Miss Leather and Cecil Sharp saw Mr Trill's morris men from Brimfield, between Ludlow and Leominster, Herefordshire, at Orleton on Boxing Day 1909. Mr Trill had "learned his dancing Chepstow way" but his "morris dancing" at Brimfield. As far as they knew it had always been done at Christmas, as was all the morris in the borders. "They never missed. People said it was no Christmas without the morris men". The troupe were six, four dancers, with melodian and tabourine men. There was nothing particular about the number, sometimes they had more and sometimes less than six. When there were more, they were able to introduce Country Dance figures into the dance.

In 1909, as the photographs taken bv Miss Leather show, the men wore fancy dress, has their faces blacked with white painted patches, but had no bells or handkerchiefs, only short thick sticks. These were six to eight inches long and one and a half inches diameter. The dancers had box hats and the musician a large hat with feathers. The men said that they remembered when the dancers wore smock frocks, breeches, white stockings and gaiters with soft felt hats - "Jim Crow" hats after the style of the clerical hat of the time. They used to have a separate fool whose tunic and trousers were made of any gaudy stuff.

The melodian player had no fixed music for the dance, polkas were preferred but sometimes schottiches played rather slow. They used to have a fiddler, Tom Payne, but he had played since 1895 for the side at Richards Castle, two miles to the west. The dancing stopped at Brimfield with WWI.

The dance that Sharp saw was similar to the Four Handed Reel, except that when the dancers faced they did not "step" but clashed their sticks together.


four men in a line, facing in pairs, 1 >< 2 3 >< 4.


simple, but suggest use step-hop throughout without any jumps

NAPPING: 2 and 3 hold their stick in both hand, resting their hands on the midriff, and keeping the stick steady during the tapping. 1 and 4 strike these stationary sticks from side to side as in "single stick" for eight bars in rhythm with the music. That is, in general hitting from right to left on the first beat of each bar and from left to right on the middle beat, but phrasing it overall according to the particular tune played. All step-hop (4/2 step), marking time during the "napping".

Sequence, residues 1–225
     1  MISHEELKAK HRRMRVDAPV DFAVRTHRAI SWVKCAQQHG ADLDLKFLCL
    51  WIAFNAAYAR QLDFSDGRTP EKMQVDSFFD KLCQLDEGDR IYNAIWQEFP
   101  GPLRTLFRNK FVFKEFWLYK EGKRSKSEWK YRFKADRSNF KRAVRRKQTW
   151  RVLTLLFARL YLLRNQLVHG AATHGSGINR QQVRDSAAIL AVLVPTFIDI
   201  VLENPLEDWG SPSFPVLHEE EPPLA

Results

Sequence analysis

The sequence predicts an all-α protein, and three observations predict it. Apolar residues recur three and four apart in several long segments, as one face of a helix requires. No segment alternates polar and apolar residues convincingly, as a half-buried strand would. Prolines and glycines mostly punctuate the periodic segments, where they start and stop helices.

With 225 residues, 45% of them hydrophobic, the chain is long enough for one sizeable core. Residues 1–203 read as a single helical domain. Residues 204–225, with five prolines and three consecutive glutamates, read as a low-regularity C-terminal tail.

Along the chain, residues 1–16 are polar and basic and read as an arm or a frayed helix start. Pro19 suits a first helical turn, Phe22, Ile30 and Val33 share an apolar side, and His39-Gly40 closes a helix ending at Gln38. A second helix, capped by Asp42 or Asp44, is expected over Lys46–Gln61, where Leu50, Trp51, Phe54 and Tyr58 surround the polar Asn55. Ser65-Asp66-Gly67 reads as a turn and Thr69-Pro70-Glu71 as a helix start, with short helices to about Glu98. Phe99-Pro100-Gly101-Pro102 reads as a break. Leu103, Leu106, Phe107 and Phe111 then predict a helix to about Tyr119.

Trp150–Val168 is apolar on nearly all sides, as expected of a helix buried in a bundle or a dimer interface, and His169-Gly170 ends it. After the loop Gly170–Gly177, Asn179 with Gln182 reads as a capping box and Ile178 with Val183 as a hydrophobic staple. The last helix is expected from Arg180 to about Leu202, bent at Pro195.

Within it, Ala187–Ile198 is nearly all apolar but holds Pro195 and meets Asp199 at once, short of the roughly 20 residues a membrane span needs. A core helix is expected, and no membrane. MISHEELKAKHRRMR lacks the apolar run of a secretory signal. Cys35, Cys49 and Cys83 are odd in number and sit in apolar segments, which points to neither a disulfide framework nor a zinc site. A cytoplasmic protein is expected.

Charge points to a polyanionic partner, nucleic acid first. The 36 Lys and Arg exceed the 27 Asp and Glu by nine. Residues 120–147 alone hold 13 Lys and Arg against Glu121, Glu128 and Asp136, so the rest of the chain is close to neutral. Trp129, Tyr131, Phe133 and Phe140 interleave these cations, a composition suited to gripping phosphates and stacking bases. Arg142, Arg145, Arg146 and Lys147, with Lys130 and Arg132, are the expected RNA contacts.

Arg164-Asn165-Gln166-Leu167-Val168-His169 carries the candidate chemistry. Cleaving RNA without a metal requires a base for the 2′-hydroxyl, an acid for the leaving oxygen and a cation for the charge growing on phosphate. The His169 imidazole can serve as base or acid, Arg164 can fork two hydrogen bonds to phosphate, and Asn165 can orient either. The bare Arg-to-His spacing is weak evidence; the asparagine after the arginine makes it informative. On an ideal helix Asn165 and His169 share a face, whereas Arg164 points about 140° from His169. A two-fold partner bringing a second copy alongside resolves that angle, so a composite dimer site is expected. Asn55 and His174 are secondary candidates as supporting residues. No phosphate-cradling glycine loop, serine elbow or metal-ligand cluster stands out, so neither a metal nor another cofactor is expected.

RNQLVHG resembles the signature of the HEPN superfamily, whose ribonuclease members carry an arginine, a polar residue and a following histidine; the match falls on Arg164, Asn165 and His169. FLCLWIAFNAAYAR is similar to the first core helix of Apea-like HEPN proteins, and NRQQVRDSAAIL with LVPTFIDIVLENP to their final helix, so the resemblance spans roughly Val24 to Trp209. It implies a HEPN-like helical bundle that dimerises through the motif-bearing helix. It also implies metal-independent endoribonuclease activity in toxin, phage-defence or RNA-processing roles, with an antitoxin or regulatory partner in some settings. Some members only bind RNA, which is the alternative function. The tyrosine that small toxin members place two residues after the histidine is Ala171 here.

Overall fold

FIGURE EIGHT: Alternateley between nappings, 1& 4 dance a figure 8 not a hey or chain, around 2 and 3, who remain in their place marking time. 1 starts by passing his partner by the right and 4 by the left, and 1 passes before 4 in going between 2 and 3, so that both 1 & 4 follow the same track. All call "Ho" as they start the figure eight and use plain steps (4/1 step) or step-hops (4/2 step) taking eight bars to complete the move.

Instead of the figure eight the following can be interpreted as also having been used, although the mss is not clear that they are truly distinct moves.

1. "Swing in Pairs" : usual clockwise direction, either with right arm round partners waist, facing opposite directions and waving free hand, or facing partner and using a "cross hands" hold.

2. "Setting" to partner to right and left for eight bars. Presumably more elaborate "steps" could be used and this would make it more compatible with the character of the rest of the dance.

3. "Link Arms", first right and then left, taking four bars each way.

4. Dr Cawte was told - Right and left hands across, ie a "star", eight (sic) bars each way. This is best started by 2 and 3 taking a pace to their left away from the middle of the set and 1 and 4 taking a pace towards the middle of the set to allow an immediate joining of right hands in the centre.


Nap / Figure 8 / Nap / Set /

Nap / Figure 8 / Nap / Arming /

Nap / Figure 8 / Nap / Hands across /

Nap / Figure 8 / Nap / Swing.

A personal suggestion is to use the arming, hand across or swing to change places with one's partner so as to share beng on the receiving end!

With more dancers available the dance becomes quite different in character. Mr Griffiths told Dr Cawte in 1957 that they lined up in a longways set and the leader called out the figures. He especially remembered a "rounds".



E M Leather

"The Folk Lore of Herefordohire", p. 130. 1912.


C Sharp Mss

Mss Folk Words No. 2191, Folk Dance Vol 1 p.95,

Field Note Book 1910 no. 1


E C Cawte

"Morris Dance in Herefordshire, Shropshire and Worcestershire"

Journal EFDSS Vol 9 No.4 p. 197 Dec 1963. Reprint No.13